Which is not to say the Book of Mormon doesn’t have its moments of melodrama. Good guys/bad guys, confrontations between morally polarized forces, fight scenes–a lot of the conventions of melodrama can be seen. I think it gets more complex than that–there are surely heroic Lamanites and evil Nephites and morally complex characters–my personal favorite’s Teancum, sort of the Book of Mormon’s answer to the Joab of 1 Samuel. A kind of scriptural Luca Brasi, if you will. Anyway, there’s no danger of moral or narrative complexity marring The Book of Mormon Movie, Gary Rogers 2003 film version of 1 Nephi, which again reduces the scriptural text to something much more simple minded. Again, the model is DeMille, but this time, it’s the later DeMille, of the 1956 Charlton Heston version of The Ten Commandments. Rogers’ film attempts an aesthetic that his budget won’t allow him to fulfill–DeMille’s film sort of reminds me of the line addled old Richard Attenborough keeps repeating in Jurassic Park ‘we spared no expense!’ Rogers probably shouldn’t be blamed for trying to make a big movie on a small budget, though I did get the giggles when Lehi’s family makes camp, and you see these mammoth, sumptous tents, which had to have been carried on the backs of the family’s three camels. Well, okay, he could only afford three camels, fair enough. The problem with the Book of Mormon Movie is how simple-minded it is. Lehi is the biggest casualty–instead of the sophisticated, intelligent man capable of the sermon we read in 2 Nephi 2-4, we get this old nut wandering through Jerusalem going ‘you must repent! Jerusalem will be destroyed!’ Bryce Chamberlain plays Lehi, and he can be a wonderful actor, but in the film he really does come across as crazy.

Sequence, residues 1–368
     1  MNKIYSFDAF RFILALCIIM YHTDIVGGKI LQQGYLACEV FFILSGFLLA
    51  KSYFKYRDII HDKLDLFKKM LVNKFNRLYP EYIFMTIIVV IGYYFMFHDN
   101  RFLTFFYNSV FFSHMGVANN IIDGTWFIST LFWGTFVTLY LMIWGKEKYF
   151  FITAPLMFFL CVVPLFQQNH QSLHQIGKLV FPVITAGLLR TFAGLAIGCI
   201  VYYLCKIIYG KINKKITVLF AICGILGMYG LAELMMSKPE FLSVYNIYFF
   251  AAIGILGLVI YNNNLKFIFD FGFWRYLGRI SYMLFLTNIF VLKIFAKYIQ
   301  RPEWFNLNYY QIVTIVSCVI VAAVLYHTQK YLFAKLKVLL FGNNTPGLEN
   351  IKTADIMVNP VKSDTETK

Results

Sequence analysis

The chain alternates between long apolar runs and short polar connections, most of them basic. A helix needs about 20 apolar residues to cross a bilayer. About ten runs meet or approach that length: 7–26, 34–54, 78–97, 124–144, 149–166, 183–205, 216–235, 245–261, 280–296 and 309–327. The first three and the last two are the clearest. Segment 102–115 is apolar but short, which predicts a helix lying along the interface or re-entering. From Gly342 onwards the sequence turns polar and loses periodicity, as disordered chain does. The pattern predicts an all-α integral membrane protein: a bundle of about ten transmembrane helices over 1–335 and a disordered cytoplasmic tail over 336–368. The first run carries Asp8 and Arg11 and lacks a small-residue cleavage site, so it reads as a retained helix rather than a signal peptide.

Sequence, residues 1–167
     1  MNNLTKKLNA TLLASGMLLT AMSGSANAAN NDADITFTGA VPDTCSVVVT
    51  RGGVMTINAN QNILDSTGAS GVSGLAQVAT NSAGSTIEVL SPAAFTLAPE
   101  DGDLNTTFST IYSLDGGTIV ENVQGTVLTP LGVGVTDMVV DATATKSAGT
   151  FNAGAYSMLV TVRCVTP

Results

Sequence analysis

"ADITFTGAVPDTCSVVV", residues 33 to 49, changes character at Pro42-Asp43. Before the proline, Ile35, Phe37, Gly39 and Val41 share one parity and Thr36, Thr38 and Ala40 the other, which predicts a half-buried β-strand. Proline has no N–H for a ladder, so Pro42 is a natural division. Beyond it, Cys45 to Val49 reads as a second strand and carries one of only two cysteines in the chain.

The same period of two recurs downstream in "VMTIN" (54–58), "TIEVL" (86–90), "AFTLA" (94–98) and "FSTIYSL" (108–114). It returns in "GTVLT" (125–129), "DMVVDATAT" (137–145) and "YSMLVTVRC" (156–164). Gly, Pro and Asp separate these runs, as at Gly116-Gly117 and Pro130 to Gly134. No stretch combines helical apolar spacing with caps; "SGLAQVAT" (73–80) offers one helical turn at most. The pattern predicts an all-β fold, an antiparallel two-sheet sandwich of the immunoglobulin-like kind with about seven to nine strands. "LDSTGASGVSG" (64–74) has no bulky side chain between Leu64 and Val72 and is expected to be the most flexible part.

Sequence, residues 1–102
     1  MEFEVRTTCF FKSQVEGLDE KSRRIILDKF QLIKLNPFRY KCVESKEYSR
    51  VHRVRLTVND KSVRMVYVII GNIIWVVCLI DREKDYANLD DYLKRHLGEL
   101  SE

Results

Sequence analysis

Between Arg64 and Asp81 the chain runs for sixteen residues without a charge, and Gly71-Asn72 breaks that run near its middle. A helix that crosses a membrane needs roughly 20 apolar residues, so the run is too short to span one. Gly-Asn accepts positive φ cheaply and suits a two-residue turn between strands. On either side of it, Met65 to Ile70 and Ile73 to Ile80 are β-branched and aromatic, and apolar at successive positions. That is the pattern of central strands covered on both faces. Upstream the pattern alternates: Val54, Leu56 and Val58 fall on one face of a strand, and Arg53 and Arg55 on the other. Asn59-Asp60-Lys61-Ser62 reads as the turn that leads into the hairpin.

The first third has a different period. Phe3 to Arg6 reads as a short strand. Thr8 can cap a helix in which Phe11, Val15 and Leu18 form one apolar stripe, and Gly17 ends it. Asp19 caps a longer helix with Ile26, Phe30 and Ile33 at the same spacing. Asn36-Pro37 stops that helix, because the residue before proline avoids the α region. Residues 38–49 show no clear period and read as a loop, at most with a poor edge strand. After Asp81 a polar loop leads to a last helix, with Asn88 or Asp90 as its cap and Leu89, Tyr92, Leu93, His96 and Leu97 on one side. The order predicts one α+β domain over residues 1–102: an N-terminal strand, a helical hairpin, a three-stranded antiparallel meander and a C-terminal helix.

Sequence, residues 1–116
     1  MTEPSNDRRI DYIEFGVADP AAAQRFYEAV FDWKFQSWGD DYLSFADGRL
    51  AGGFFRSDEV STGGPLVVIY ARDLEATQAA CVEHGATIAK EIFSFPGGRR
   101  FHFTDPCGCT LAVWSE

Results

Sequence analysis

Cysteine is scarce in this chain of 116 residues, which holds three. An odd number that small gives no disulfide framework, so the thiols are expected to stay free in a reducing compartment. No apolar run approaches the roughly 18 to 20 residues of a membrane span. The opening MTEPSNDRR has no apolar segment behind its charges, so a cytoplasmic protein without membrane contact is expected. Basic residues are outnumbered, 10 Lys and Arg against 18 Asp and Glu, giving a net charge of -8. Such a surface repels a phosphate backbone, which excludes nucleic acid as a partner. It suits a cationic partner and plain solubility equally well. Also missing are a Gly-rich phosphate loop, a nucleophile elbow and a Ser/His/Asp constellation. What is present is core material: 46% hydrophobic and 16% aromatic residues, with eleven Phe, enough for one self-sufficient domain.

A more responsible and interesting approach to filming the Book of Mormon can be seen with Chris Heimerdinger’s 2009 film, Passage to Zerahemla. I wouldn’t say that in this film the Book of Mormon text is superceded by a sci-fi text, so much as two kinds of texts clumsily mashed together. But the first third of the film is quite good; the biggest problem with the film has to do with our suspension of disbelief. I suspect that those who are willing to give themselves to it, the film might work pretty well. And suspending our disbelief shouldn’t be that hard to do–we’ve surely all seen Star Trek episodes equally implausible. So it’s either an unwatchably silly film, or quite an interesting sci-fi gloss on Book of Mormon themes. Either way, it starts out quite engagingly.